Equifax reckons the average mortgage and credit card/car loan was $136,000 or so for California and $154,000 for zip 94040, this seems way out of wack, shouldn’t it be much more? With all this talk of 100% finacning, heloc's etc I was assuming that people would be carrying mortgage debts of $500,000+
How accurate do you think this credit score malarky is?
FollowBefriend (4)117 threads17,655 comments Premium
Equifax reckons the average mortgage and credit card/car loan was $136,000 or so for California and $154,000 for zip 94040, this seems way out of wack, shouldn’t it be much more?
I have several cards with $0 balance and one "loan" with $14.95. Perhaps "averaging" can dramatically reduce the number?
Perhaps then they should be using the median like the houses, to give us a more accurate figure of how F'd every one really is :-)
My car trip computer told me that my average speed has been 17 mph. I am not a fast driver but I am not that slow.
I am not sure if the equifax study is really this flawed, but this is just an illustration of how useless ‘averages’ are when you don’t
know exactly how the average is being calculated.
How is it flawed? It shows that there is nothing to worry about.
Okay, so I went back and drilled down a bit more and found out from Equifax report that the average mortgage was actually $236,000 in 94040, I guess that is per person so a couple would have a joint mortgage of $472,000?
Still a little low I think, as most houses are on the market for +/- $1m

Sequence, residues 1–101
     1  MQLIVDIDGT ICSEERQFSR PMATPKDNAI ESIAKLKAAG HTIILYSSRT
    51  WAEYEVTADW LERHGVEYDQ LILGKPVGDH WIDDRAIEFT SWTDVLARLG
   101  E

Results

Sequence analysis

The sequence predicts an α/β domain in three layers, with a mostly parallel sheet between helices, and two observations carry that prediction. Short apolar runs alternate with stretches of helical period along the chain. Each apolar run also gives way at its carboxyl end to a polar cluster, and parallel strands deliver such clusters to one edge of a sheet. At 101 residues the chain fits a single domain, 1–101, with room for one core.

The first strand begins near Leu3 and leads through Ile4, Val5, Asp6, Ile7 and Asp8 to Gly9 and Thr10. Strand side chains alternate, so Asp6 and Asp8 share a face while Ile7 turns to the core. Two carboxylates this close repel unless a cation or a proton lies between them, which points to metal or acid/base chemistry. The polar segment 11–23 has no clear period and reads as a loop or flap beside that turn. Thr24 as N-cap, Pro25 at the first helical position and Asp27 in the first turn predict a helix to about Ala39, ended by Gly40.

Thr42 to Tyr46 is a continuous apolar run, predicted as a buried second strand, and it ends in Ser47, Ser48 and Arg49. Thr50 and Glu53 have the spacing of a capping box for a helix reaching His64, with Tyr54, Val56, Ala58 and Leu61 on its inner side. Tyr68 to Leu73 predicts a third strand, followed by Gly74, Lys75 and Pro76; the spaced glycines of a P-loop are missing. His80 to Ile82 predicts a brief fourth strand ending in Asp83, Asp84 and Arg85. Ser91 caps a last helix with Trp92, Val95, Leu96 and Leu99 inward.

"How is it flawed? It shows that there is nothing to worry about.
Be happy! "
But I want every one to have huge mortgages, that means they're F'ed borrowers and are going to have to unload their houses and drop the comps.
Does it include second mortgages?
let's say someone buys a 1M home wth 80/10/10 financing (10% down). The two associated mortages are 800K and 100K. The average is only 450K.
That's a bit mean isn't it?
Actually I guess it is better for us if they don't have huge mortgages, it might mean they're more flexible on the prices as they will still get out of the game with some equity, even if it's not as much.
Robert Coté Says:
Silent Spring. Summer Bummer. Fall Maul. Winter of Our Discontent.
That's sweet. You should trademark this stuff. RE Boston, promptly after Labor Day, there are already 10 new listings (20% increase). I think the ebb in numbers of listings people observed over the last few weeks will quickly be reversed and more.
The Financial Times yesterday had an article about a study on US consumer and mortgage debt. Total mortgage equity measured by total outstanding debts against that equity (Primary mortgages, 2nds, HELOCS) is over 60%. The numbers, including the average family total consumer debt, does count everything, not each instrument separately.